Simple Plan’s Newest Album Ties Together Both New and Old

On Feb. 19, pop-punk group Simple Plan released its fifth album, “Taking One for the Team,” its first release in five years. In its ever-evolving sound, Simple Plan is successfully able to branch out and experiment with several genres while still maintaining its pop-punk and pop-rock roots.

“Opinion Overload,” the opening song to this 14-track record, starts strong, with a message of living life the way you want to, regardless of others’ opinions, backed by brilliant guitar melodies of the pop-rock variety.

The second track, “Boom!” was released as a promotional single, and is accompanied by a fun music video with cameos from members of punk and emo bands Pierce the Veil, PVRIS and All Time Low. “Boom!” is a love song for the pop-rock fan, with lyrics like: “You still make my crazy little heart go ‘boom.’”

“Kiss Me Like Nobody’s Watching” comes next, a cute and upbeat piece about loving someone forever.

“Farewell,” featuring Jordan Pundik of pop-punk band New Found Glory, is the best track for fans of pop-punk. Gritty punk guitar sounds couple with striking lyrics such as “The damage is done and it’s obvious / We can never go back to the way it was” to deliver a powerful message about heartache and pain.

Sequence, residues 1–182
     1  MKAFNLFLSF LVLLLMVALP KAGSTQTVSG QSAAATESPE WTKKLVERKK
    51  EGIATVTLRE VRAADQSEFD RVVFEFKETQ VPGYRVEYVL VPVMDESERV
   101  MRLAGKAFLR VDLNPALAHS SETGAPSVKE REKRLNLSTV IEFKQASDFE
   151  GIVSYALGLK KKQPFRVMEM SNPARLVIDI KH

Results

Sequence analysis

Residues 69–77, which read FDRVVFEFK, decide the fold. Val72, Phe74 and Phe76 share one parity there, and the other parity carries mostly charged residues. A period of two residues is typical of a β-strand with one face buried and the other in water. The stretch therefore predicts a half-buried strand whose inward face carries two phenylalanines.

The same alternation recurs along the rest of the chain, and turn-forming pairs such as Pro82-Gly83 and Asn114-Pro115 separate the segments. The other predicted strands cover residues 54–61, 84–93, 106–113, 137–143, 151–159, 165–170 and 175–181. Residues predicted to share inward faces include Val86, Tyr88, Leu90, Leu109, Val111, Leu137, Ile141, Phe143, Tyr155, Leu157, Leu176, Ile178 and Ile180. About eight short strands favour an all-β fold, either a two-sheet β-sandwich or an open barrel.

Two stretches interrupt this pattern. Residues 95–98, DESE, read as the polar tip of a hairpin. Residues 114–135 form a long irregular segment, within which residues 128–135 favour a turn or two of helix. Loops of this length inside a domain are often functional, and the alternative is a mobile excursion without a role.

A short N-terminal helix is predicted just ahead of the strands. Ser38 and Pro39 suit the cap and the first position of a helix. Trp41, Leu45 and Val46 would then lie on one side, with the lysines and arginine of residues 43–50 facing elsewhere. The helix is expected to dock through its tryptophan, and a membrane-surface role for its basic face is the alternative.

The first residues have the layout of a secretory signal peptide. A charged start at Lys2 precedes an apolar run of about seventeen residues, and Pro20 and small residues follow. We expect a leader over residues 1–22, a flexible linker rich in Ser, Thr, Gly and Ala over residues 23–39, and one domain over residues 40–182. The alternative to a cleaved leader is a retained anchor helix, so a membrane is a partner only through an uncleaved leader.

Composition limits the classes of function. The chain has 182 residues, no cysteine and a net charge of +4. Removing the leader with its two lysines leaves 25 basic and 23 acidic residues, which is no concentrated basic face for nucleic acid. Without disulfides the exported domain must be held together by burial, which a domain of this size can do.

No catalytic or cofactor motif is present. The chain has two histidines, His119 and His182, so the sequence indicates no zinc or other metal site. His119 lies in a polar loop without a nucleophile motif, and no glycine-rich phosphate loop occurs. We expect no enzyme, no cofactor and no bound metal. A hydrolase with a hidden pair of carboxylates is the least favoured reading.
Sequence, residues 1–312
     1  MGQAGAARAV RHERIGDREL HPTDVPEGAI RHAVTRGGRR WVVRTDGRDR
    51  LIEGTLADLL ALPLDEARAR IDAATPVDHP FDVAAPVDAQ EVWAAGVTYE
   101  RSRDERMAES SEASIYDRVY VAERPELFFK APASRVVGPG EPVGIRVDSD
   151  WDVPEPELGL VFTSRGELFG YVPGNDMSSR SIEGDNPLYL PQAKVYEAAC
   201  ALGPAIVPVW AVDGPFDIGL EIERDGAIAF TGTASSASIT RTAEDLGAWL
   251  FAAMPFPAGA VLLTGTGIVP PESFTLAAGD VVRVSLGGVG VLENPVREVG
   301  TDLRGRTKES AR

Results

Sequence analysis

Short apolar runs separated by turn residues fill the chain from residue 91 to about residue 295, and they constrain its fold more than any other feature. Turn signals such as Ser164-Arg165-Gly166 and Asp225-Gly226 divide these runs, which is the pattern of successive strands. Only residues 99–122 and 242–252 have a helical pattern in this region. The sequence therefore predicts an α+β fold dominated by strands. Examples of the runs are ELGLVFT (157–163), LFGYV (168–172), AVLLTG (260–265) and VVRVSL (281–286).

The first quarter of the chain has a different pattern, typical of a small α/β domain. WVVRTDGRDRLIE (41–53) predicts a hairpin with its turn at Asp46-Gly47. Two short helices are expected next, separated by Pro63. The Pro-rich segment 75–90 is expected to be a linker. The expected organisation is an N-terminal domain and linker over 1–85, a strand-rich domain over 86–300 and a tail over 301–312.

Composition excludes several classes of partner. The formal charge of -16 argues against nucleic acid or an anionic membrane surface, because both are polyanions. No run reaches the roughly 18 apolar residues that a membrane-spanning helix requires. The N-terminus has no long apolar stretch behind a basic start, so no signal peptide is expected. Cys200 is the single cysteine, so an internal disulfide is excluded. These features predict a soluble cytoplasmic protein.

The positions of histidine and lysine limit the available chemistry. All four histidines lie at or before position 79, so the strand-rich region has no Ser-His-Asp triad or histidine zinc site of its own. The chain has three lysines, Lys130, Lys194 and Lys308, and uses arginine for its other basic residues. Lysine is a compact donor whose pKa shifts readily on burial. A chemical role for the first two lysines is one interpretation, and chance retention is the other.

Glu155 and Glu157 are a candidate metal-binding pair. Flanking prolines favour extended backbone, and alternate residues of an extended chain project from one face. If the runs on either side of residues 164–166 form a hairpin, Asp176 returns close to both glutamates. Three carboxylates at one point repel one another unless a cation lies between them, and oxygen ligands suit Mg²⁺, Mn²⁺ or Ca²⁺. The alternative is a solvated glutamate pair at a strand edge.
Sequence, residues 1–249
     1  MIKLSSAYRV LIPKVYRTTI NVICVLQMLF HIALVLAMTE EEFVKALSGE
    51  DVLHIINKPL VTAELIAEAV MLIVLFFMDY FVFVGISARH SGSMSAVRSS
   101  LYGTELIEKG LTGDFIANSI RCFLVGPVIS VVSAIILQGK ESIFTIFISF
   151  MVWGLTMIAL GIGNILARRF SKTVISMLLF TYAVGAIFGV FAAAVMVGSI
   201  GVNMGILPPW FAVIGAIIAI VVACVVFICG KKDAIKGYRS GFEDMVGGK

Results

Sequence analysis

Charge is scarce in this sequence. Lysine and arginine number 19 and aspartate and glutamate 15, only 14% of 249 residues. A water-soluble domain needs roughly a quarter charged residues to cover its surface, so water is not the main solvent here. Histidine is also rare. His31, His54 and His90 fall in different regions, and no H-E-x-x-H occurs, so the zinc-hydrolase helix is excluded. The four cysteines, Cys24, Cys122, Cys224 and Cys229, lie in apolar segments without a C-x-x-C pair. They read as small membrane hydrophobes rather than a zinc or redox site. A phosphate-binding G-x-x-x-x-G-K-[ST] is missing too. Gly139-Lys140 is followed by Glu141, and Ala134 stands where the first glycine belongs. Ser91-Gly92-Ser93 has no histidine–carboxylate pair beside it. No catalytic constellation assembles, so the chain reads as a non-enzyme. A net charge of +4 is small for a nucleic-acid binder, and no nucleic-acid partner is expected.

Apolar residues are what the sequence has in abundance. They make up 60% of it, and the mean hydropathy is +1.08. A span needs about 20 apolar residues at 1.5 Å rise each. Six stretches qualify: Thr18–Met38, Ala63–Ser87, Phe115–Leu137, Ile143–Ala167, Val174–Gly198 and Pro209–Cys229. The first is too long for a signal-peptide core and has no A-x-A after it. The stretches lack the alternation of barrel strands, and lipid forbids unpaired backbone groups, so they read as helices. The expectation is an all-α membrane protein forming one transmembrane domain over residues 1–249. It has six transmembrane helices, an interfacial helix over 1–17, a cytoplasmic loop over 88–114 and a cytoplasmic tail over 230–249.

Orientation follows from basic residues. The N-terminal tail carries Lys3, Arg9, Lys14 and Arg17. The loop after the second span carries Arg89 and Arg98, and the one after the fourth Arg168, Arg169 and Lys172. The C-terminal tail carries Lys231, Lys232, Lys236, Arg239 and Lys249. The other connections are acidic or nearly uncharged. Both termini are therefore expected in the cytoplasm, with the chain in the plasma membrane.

The upbeat “Singing in the Rain” features R. City, and is an interesting blend of pop and reggae with calypso elements.

The sixth track, “Everything Sucks,” though, leaves a lot to be desired — the lyrics are cliché, and it melodically acts like a generic pop song about losing someone.

“I Refuse” brings back the punk elements Simple Plan is known for, and pairs this with a compelling song about fighting against societal norms and stereotypes, and embracing who you are.

“I Don’t Wanna Go to Bed” features Nelly, and is another promotional single. The track is an intriguing combination of pop, indie rock and hip-hop.

The ninth track, “Nostalgic,” is another lyrically-brilliant and emotional number, with lyrics like “’Cause I miss you / And I hate feeling like this.”

“Perfectly Perfect” is another cutesy love song, a boy telling a girl she’s “perfectly perfect” for him, listing her insecurities as things he treasures about her.

“I Don’t Wanna Be Sad” comes next, an engrossing upbeat pop-based song about getting tired of dealing with sadness.

“P.S. I Hate You,” the twelfth track, is a pop-punk piece about bidding farewell to someone who treated you poorly.

“Problem Child” follows, a slower piece driven by an alluring piano in a minor key with melancholic guitar support.

The final track, “I Dream About You,” features Juliet Simms, and is another slow number that outlines a beautiful love story.

Simple Plan fans old and new will find something for them in this well-rounded work of art.

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